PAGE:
A project bringing 24 two-story townhomes to the Hemphill corridor is moving ahead, but some neighbors say they weren’t told soon enough about the proposal.
The proposed project is on the northeast corner of Hemphill Street and West Morningside Drive. It is now a used car sales lot turned on-demand COVID-19 testing site. Hemphill is one of the city’s many areas designed for urban redevelopment.
At its hearing Jan. 11, the Fort Worth zoning commission unanimously recommended approval of the project. City Council will consider the case at its Feb. 14 meeting. That meeting starts at 6 p.m. at City Hall, 200 Texas St.
The developer, Fort Worth-based TownSite Company, described it as “another residential option at a lower price point than the larger rental projects in the area.”
Mary Nell Poole, one of the founders of TownSite Company, intends to provide updates to the Hemphill Corridor Development Collaborative as the project progresses, she said. Poole did not share the price point of these townhomes at the time of the hearing.
“I think to have housing along Hemphill where we have the church, we have some other retail things. It offers walkability to those and provides a different housing option,” Poole said. “These are for rent. They’re not for sale. And they’re two stories so they are keeping with the scale of history and they’re in keeping with the bungalow neighborhoods that are adjacent to the rear, and so it’s not going to over overcrowd the streets.”
Some Hemphill residents say they were not notified of this proposed project early enough to gather community input.
Ricardo Avitia, with Hemphill No Se Vende, spoke in opposition to the project on Hemphill. Avitia expressed concern that the developer did not properly notify residents about the proposal.
Avitia found out about the case by looking at the zoning agenda, he said. There’s no information about the case anywhere else.
“Communication is key, especially in this day where everything has gone pretty much online,” he said. “We still have residents of Fort Worth who are not up to speed on how to use the internet or computer even for that matter.”
City ordinance states that public hearing notices must be sent at least 10 days in advance. They can be either written or posted. The ordinance also mentions that the city is responsible for these notifications.
Poole said she reached out to the Hemphill Corridor Development Collaborative during the holidays but did not hear back. Poole told the Fort Worth Report she would be happy to meet with the collaborative before the February City Council meeting.
Fernando Peralta, president of the Hemphill Corridor Development Collaborative, said the organization did not receive any information about the project from the developer until a week before the zoning hearing.
Peralta was disappointed with the zoning commission’s decision to move forward with the project, despite the Hemphill Corridor Development Collaborative not being able to discuss it and members of the community expressing concern about not being notified, he said.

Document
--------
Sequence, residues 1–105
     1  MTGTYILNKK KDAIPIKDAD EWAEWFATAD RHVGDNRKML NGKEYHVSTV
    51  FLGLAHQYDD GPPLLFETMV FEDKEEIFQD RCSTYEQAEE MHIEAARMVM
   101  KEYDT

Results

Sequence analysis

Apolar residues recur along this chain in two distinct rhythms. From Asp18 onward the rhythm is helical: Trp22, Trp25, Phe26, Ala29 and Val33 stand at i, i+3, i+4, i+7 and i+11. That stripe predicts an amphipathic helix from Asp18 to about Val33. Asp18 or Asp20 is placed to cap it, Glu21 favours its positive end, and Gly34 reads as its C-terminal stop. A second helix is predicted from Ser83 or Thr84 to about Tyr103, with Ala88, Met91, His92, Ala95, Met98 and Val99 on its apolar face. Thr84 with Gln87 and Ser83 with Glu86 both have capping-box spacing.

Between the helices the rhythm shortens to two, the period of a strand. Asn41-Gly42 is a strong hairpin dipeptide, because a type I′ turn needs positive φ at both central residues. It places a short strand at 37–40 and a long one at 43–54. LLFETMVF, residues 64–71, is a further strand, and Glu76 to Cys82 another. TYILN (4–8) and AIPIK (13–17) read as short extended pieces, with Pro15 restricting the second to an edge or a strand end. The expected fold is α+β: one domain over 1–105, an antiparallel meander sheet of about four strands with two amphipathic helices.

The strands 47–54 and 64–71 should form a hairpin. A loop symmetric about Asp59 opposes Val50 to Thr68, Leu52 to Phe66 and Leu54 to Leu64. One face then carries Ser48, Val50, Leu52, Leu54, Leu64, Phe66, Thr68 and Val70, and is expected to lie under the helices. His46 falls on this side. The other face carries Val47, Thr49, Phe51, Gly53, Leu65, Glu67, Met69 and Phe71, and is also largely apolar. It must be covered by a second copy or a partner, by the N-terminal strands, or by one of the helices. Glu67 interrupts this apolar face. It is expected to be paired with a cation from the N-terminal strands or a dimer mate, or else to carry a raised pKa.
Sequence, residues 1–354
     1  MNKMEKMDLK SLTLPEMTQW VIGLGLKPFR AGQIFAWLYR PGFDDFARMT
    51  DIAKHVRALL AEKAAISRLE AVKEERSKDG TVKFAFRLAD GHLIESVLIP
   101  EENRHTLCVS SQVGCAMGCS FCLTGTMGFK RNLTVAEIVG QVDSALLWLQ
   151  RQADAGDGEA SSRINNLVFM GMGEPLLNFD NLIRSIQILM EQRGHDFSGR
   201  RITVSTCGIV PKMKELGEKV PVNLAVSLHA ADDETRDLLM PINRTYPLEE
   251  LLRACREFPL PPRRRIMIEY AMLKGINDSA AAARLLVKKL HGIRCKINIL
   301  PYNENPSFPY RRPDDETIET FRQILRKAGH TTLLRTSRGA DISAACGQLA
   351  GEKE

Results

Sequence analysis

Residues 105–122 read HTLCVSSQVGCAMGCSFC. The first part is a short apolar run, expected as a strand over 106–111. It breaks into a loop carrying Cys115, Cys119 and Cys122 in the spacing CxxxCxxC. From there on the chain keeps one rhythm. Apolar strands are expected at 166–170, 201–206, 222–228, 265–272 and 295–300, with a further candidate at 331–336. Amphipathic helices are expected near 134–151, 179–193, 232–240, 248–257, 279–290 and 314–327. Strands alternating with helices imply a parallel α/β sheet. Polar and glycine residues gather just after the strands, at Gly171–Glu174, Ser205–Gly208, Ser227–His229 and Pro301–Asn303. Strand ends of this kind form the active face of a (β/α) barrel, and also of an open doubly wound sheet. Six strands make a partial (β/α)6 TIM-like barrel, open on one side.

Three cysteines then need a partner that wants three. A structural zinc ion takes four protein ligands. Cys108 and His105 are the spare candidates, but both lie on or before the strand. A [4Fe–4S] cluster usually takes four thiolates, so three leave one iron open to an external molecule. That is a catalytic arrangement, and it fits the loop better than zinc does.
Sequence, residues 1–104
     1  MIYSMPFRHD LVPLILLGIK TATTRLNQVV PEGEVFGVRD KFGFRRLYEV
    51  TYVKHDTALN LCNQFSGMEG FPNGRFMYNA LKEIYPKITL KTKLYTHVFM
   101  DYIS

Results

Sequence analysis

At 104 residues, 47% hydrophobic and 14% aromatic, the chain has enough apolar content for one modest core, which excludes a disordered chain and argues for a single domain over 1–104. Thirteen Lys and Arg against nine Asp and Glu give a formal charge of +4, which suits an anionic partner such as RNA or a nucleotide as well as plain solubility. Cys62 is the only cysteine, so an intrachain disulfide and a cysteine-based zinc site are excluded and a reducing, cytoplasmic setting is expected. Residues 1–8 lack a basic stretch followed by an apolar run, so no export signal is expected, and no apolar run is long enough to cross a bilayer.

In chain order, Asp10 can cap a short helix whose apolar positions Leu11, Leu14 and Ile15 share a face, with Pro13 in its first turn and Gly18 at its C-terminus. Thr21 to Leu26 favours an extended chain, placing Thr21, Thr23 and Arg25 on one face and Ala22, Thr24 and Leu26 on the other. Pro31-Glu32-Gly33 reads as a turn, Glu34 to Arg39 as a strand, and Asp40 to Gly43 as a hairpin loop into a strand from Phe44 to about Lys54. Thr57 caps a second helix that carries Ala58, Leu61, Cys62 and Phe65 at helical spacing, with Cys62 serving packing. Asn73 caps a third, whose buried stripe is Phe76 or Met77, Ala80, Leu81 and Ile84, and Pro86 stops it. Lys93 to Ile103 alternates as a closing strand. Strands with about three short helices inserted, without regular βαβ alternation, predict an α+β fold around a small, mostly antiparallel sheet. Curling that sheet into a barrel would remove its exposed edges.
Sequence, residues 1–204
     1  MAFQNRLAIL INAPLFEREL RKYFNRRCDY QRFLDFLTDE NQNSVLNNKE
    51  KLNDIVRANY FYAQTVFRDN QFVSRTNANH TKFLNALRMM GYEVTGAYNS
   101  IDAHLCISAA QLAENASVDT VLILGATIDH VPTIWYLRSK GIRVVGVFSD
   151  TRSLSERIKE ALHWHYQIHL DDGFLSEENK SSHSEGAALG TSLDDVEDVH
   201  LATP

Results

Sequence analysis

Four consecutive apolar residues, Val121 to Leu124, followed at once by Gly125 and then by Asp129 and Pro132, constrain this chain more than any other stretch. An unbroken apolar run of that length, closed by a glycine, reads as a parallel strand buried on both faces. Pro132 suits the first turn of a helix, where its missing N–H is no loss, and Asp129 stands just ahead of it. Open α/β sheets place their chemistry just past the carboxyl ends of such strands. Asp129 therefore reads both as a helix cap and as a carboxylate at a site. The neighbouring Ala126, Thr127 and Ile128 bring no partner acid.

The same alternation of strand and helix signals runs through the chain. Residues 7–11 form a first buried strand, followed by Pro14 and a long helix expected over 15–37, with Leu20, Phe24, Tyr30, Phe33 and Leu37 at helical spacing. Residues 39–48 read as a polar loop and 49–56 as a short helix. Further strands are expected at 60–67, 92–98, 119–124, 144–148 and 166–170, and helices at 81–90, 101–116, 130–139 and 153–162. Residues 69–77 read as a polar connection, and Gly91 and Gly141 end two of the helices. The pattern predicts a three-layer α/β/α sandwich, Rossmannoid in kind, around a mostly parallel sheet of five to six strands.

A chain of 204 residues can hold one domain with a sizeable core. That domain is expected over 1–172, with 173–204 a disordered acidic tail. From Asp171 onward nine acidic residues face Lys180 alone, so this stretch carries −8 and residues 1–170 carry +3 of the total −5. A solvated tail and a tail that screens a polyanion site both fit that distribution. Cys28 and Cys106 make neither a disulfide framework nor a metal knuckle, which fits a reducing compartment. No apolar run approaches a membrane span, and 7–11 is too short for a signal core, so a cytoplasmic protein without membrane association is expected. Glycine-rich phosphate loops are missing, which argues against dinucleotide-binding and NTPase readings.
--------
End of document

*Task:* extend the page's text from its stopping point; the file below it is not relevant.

For him, due diligence is more than just checking boxes for an application.
“We’re trying to make sure all of our communities have voices at the table,” Peralta said. “We’re not on the developer’s timeline. We’re on the community’s timeline.”
The Hemphill Corridor Development Collaborative will meet at 5 p.m. Jan. 26 at the Victory Forest Community Center, 3427 Hemphill St., to further discuss this case, Peralta said.
Council member Elizabeth Beck told the Report she is considering continuing the case for 30 days at the next City Council meeting to make sure residents have the time to learn about the case before the final vote.
“I don’t want to presume I know what the outcome of that (Jan. 26 meeting) is. We could find ourselves in a situation where we can take a vote on (Feb.) 14,” Beck said. “But right now, as it stands without knowing any of that, I think it’s safe to say that I’ll move for a 30-day extension if after that meeting, it feels like we need to have some additional community dialogue.”
Residents from Hemphill have spoken in the past against housing developments they fear will gentrify their community. In other cases, projects were dropped without community input.
Avitia said this is not the first time residents found out about a project late in the process.
“The manner in which this zoning came about is a continuance of the lack of respect for the working-class residents of South and South Central Fort Worth,” Avitia said.
TownSite Company has worked on several other projects in Fort Worth, including the conversion of a Paschal-area church into apartments in 2019. Residents raised some concerns at the time about traffic congestion. Townsite Company has also built other multifamily projects in neighborhoods like Como and downtown.
Sandra Sadek is a Report for America corps member, covering growth for the Fort Worth Report. You can contact her at firstname.lastname@example.org or follow her on Twitter at @ssadek19.
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